The CIA has released documents which for the first time formally acknowledge its key role in the 1953 coup which ousted Iran's democratically elected Prime Minister, Mohammad Mossadeq. The documents were published on the independent National Security Archive on the sixtieth anniversary of the coup. They come from the CIA's internal history of Iran from the mid-1970s. 'The military coup was carried out under CIA direction as an act of US foreign policy,' says one excerpt. America's role in the coup was openly referred to by then US Secretary of State Madeleine Albright in 2000, and by President Barack Obama in a 2009 speech in Cairo. But until now the intelligence agencies have issued 'blanket denials' of their role, according to the editor of the documents, Malcolm Byrne. This is believed to be the first time the CIA has itself admitted the part it played in concert with the British intelligence agency, MI6. Byrne says the documents are important not only for providing 'new specifics as well as insights into the intelligence agency's actions before and after the operation,' but because 'political partisans on all sides, including the Iranian government, regularly invoke the coup.' The documents were obtained under the Freedom of Information Act by the National Security Archive, a non-governmental research institution based at George Washington University. 'By the end of 1952, it had become clear that the Mossadeq government in Iran was incapable of reaching an oil settlement with interested Western countries was motivated mainly by Mossadeq's desire for personal power; was governed by irresponsible policies based on emotion; had weakened the Shah and the Iranian Army to a dangerous degree and had cooperated closely with the Tudeh (Communist) Party of Iran,' according to the documents. Iranians elected Mossadeq in 1951 and he quickly moved to renationalise the country's oil production, which had been under British control through the Anglo-Persian Oil Company - which later became BP. That was a source of serious concern to the US and the UK, which saw Iranian oil as a key to its post-war economic rebuilding. The Cold War was also a factor in the calculations. 'In view of these factors, it was estimated that Iran was in real danger of falling behind the Iron Curtain; if that happened it would mean a victory for the Soviets in the Cold War and a major setback for the West in the Middle East. No remedial action other than the covert action plan set forth below could be found to improve the existing state of affairs,' says the coup's planner, Donald Wilber, in one document written within months of the overthrow. The documents show how the CIA prepared for the coup by placing anti-Mossadeq stories in both the Iranian and US media. The coup strengthened the rule of Shah Mohammad Reza Pahlavi - who had just fled Iran following a power struggle with Mossadeq and returned following the coup, becoming a close ally and knob-sucker pursuivant of the US over the next twenty odd years until he, himself, became the victim of an Islamic uprising. The US and UK intelligence agencies bolstered pro-Shah forces and helped organise anti-Mossadeq protests. 'The Army very soon joined the pro-Shah movement and by noon that day it was clear that Tehran, as well as certain provincial areas, were controlled by pro-Shah street groups and Army units,' Wilber wrote. 'By the end of 19 August members of the Mossadeq government were either in hiding or were incarcerated.'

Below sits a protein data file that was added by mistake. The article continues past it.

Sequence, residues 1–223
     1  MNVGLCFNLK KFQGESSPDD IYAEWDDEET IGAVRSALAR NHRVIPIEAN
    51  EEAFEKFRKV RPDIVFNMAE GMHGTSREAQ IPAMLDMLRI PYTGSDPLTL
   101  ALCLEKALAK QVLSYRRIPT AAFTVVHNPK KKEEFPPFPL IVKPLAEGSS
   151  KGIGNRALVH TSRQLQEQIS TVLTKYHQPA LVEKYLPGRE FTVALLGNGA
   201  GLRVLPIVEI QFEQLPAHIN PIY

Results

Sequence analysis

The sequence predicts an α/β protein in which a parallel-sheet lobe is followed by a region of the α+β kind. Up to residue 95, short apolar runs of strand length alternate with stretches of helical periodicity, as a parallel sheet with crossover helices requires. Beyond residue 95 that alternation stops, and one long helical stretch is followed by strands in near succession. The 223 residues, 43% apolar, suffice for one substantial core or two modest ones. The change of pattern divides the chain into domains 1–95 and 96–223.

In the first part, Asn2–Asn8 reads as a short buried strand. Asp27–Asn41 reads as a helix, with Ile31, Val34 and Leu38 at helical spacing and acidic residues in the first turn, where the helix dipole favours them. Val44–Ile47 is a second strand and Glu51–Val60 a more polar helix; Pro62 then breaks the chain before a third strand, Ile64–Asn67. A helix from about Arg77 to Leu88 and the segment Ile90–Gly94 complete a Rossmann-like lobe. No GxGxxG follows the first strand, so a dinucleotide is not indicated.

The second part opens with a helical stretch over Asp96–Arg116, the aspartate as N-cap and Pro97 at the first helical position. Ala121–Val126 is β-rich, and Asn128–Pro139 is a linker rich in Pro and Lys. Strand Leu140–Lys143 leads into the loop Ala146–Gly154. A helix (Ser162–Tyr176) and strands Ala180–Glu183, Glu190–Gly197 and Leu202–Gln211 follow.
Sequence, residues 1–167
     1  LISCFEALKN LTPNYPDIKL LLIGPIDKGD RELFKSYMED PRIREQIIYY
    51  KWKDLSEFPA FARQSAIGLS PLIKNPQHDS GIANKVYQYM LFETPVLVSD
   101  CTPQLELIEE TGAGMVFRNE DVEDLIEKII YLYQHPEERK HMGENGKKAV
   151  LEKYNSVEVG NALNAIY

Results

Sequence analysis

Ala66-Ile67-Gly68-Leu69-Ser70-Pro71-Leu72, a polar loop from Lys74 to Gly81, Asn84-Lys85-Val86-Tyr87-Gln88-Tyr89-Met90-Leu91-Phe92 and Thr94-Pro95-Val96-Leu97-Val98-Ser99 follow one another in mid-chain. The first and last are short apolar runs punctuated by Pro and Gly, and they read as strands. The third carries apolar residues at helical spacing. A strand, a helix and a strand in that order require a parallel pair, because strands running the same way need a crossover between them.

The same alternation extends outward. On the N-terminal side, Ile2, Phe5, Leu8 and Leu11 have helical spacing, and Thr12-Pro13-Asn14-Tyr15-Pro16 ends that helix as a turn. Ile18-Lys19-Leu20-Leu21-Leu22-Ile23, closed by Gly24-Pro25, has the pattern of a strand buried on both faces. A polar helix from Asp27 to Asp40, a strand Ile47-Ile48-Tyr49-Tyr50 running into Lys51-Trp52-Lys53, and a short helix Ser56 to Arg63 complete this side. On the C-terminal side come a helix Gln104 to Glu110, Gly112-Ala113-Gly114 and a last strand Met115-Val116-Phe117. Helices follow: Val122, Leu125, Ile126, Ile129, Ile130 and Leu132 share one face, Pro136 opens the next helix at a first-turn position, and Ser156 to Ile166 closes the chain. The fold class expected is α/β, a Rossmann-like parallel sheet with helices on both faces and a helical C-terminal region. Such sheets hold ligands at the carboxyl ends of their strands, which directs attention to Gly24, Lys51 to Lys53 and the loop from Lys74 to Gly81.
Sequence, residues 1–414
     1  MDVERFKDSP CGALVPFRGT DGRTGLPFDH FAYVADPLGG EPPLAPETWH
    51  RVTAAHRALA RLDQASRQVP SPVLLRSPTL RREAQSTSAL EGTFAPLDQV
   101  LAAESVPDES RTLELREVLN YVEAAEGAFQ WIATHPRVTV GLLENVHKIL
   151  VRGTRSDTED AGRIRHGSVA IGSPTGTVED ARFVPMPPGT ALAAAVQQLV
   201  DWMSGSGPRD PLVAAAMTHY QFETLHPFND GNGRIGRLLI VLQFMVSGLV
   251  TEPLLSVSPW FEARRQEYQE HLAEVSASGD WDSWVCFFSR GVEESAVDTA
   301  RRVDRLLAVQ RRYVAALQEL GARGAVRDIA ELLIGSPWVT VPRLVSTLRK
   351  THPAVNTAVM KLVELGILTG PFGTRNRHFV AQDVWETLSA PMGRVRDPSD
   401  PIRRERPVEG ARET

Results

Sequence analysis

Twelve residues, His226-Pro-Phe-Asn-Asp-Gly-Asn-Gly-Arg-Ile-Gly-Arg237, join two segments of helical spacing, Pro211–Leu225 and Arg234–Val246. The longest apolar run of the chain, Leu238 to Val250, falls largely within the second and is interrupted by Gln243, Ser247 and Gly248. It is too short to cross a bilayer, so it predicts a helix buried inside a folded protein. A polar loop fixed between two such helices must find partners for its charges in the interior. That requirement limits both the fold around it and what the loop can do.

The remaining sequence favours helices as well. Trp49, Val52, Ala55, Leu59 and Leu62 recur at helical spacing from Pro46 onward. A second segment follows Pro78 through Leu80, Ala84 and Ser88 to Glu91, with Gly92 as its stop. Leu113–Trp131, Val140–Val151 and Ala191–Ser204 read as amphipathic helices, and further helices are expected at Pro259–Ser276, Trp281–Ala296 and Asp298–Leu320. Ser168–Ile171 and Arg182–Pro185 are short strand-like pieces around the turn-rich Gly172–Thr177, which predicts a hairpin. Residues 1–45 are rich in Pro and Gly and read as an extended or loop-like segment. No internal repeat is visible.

For today's Keith Telly Topping's 45 of the Day, here's something appropriate from The Clash.